Welcome the quiet time and be at peace with yourself for a few minutes.
Wim Hoff breathing
Wim Hoff is leading the movement in a lot of practices that we can do by ourselves that will strengthen our mental will and overall health. One of them being the Wim Hoff Breathing Method which improves your energy level and reduce stress levels with a focused breathing technique for 5-10 minutes. Check out Wim’s full instructions to practice this properly.
Attitude of gratitude
The morning is a great time to allow yourself to think about all that you are grateful for. Take this quite time to sift through the good and the bad that is happening in your life at this moment, and bring forth the things that make a smile cross your face.
Take the time to say them outloud, bring them into reality to prove to yourself that you recognize there is an area to be happy about in your life. Another practice you can do at this time is bring to light a few morning affirmations.
Coffee or tea
Instead of hopping onto the Starbucks app or popping a pod into your coffee maker, allow the process of making your first coffee or tea to add a therapeutic value to your morning routine. Grab the tools needed allow yourself to create your drink from start to finish, taking pleasure in the time it takes. There is also value in learning how to be patient as we wait for perfection.
Taking a few minutes of your morning to write down all the thoughts in your head before the day starts is a valuable tool. Being mindful of what affected you yesterday and coming up with a plan to address it the next time it happens will help your mental health struggles.
Find a journal that connects with you and use it solely for your morning journaling. You can put anything into the journal, but a few things I write on are:
- Positive things that happened the day before
- Negative things that I can change that happened the day before
- What is on my schedule today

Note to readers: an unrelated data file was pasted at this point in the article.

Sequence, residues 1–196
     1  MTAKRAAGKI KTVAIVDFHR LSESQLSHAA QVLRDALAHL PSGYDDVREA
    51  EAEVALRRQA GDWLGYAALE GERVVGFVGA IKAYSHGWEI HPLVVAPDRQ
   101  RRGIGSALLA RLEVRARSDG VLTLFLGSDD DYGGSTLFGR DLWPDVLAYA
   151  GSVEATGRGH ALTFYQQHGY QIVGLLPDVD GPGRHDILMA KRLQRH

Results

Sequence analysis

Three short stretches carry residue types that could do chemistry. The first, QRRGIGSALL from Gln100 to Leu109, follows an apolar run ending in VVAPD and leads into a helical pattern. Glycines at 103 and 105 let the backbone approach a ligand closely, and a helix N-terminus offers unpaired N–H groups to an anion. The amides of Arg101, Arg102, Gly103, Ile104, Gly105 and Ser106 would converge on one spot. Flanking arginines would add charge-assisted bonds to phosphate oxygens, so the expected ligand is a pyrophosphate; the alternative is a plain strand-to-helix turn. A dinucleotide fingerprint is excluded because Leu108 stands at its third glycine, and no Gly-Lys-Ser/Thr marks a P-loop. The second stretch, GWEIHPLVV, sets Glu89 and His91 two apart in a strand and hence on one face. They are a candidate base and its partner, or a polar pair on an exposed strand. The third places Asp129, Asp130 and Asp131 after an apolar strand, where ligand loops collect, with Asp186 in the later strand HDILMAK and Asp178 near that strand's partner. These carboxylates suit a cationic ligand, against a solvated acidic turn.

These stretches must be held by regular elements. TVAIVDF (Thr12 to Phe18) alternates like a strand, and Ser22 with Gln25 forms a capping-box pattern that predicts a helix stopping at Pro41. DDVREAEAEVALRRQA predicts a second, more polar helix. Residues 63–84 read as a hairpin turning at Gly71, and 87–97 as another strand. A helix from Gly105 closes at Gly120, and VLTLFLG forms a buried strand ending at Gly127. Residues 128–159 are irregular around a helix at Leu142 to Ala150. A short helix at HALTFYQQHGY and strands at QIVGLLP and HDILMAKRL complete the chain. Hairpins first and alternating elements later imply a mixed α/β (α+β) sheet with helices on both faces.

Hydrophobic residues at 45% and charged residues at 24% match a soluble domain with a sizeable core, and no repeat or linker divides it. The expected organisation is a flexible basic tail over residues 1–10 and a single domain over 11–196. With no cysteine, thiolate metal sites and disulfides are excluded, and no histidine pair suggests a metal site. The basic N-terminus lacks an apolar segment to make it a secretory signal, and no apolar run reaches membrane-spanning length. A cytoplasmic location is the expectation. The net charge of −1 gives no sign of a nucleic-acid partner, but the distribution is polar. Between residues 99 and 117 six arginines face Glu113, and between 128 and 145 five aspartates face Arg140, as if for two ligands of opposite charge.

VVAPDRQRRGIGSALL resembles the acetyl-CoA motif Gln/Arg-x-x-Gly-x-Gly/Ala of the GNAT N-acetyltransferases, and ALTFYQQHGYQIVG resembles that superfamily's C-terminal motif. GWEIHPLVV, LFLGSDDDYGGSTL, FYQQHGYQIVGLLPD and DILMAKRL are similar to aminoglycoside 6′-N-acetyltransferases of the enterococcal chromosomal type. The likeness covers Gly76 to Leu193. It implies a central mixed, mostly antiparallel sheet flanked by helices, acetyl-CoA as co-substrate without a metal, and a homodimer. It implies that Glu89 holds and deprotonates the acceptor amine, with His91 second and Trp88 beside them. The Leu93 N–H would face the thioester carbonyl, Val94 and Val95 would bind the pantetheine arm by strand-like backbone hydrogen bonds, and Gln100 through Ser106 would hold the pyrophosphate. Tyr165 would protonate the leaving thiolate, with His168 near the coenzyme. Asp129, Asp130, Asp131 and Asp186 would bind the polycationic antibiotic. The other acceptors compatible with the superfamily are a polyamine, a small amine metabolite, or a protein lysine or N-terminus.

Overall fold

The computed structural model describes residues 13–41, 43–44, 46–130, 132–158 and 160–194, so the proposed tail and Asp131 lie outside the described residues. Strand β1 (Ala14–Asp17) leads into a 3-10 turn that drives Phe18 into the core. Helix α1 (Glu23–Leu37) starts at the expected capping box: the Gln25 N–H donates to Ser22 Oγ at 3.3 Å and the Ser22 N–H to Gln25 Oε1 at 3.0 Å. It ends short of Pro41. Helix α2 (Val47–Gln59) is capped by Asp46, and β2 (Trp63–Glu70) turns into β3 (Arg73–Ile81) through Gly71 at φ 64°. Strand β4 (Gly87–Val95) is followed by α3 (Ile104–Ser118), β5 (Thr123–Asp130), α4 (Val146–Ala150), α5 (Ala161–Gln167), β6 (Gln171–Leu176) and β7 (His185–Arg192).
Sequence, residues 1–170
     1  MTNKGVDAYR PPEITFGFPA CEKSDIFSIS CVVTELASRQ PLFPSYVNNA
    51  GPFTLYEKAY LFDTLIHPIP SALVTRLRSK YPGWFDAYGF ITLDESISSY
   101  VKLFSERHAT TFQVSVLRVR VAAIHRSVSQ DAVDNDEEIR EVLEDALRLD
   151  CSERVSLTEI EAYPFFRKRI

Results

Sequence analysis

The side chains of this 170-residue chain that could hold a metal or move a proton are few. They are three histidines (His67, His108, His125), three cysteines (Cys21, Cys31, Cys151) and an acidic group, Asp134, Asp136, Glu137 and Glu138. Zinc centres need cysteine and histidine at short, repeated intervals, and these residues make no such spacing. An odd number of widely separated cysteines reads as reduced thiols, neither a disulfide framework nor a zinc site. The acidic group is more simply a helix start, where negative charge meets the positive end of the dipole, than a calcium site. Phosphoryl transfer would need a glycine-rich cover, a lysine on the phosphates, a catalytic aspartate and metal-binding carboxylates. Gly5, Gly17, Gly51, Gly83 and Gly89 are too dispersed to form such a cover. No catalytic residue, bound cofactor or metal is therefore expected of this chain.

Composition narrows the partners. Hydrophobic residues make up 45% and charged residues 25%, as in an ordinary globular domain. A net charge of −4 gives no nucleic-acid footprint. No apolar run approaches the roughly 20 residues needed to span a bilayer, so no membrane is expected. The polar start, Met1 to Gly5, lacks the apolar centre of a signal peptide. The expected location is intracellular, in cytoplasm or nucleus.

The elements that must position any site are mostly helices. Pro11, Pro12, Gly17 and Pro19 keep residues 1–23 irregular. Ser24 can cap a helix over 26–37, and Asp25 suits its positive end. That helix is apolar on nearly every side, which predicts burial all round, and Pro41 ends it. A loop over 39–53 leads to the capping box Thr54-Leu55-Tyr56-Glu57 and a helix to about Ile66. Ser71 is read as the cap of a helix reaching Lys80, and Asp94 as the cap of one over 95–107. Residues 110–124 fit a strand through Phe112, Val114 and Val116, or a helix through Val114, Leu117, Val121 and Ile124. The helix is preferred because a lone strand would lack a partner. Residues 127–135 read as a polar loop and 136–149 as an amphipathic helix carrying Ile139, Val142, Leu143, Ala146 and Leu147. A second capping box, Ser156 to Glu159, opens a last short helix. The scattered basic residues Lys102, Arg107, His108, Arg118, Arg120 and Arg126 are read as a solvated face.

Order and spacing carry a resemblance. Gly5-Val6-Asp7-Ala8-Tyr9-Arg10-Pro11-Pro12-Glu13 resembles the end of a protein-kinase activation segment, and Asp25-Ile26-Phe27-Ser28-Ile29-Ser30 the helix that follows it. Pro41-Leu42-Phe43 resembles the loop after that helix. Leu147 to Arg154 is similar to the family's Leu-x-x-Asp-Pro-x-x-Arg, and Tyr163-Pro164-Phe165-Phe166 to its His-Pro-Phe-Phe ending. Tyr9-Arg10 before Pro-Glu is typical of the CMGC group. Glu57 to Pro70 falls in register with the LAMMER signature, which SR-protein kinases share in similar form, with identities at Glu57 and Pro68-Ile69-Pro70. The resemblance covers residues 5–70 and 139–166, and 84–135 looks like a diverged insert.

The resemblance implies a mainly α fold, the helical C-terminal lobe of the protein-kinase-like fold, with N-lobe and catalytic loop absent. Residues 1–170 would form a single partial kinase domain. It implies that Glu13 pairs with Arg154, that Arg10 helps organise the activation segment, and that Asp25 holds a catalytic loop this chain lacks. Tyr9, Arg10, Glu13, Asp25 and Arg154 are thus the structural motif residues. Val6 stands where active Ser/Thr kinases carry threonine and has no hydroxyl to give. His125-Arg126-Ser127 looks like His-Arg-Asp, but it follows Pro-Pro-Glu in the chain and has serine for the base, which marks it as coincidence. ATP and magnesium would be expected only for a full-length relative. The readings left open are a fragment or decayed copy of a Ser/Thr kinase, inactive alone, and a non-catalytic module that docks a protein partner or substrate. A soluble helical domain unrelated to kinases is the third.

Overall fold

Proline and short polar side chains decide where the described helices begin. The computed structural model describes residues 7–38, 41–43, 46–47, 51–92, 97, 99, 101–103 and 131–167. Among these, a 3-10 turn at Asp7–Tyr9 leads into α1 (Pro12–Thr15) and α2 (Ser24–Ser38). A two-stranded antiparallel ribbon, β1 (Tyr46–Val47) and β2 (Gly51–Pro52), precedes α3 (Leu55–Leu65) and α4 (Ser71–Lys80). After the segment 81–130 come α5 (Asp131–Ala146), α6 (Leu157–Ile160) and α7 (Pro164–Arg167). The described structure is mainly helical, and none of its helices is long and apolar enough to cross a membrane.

- A particular emotional event that occurred the day before
Reading at night is great, especially if you have anxiety because it can help you fall asleep. But that means you might not always get very far. It’s a different feeling reading in the morning – great for your mental health because it takes your brain on a creative detour. Or, if your reading preferences are more in the inspirational realm, you can acquire new insights that could alter the course of your day and, ultimately, your life.
Do a puzzle to help get your brain moving and centered at the same time. It doesn’t have to be a complicated crossword puzzle, but maybe you do a Wordsearch. Or, set a timer to spend a few minutes working on your beach scene or cozy cabin jigsaw puzzle. Puzzles can be quite therapeutic.
Morning stretch routine
Exercise isn’t for everyone in the morning, but we are all capable of doing one or two stretches. But even if (or especially if) exercise were for everyone, we should definitely be stretching beforehand. If you want to feel more grounded, try one or two static stretches. If you want to energize your body and mind, do some dynamic stretches.
Your first movement of the day doesn’t have to be anything high intensity. While there are many morning exercisers out there showing us up, many people prefer to wait until the afternoon or evening for anything more upbeat after their bodies have had the day to warm up. That said, it still helps you feel happier and more focused if you get your blood flowing in the morning, so consider 10-20 minutes of a grounding activity like yoga or Pilates.
Cuddle your pet
Elevate your mood from the moment you wake by doing something your pet also loves – cuddling. Hugging increases your serotonin and oxytocin levels, but if you don’t have a pet, hug a family member or your spouse. If you don’t have one of those either, maybe hug your roommate? This doesn’t have to be weird, right? Just make sure they know what’s coming and why.
Eat a real breakfast of superfoods like eggs and berries. This will fuel your mind as much as it does your body. Be conscious of what you put into your body at this time, eating a heavy meal or something that is loaded with sugar will do the opposite of waking your gut and brain up. These types of meals will slow you down as your body works hard to digest it.
Seek daily inspiration
Inspiration is everywhere, and I’m sure by now there is at least one person on Instagram or a YouTuber you follow that you could afford to learn more from. Maybe there is a blogger you like, so you sign up for a daily email newsletter you can read for inspiration. This tip is a broad one because it could be anything – maybe it’s someone who is into fitness that inspires you to get moving, or someday you want to travel more, so you watch a travel YouTube video that inspires and excites you.
My Morning Routine Conclusion
I hope this has helped give you some ideas to put together a ‘my morning routine’ of your own.
Did one of the morning routine ideas above stand out to you? Leave it in the comments below, I would love to hear which you chose to start your morning routine with.
If your still looking for some guidance, I created a Free Morning Routine Course with a PDF file to help you plan your routine out for optimal success. Just click the link above and sign up for the free 10 step email course.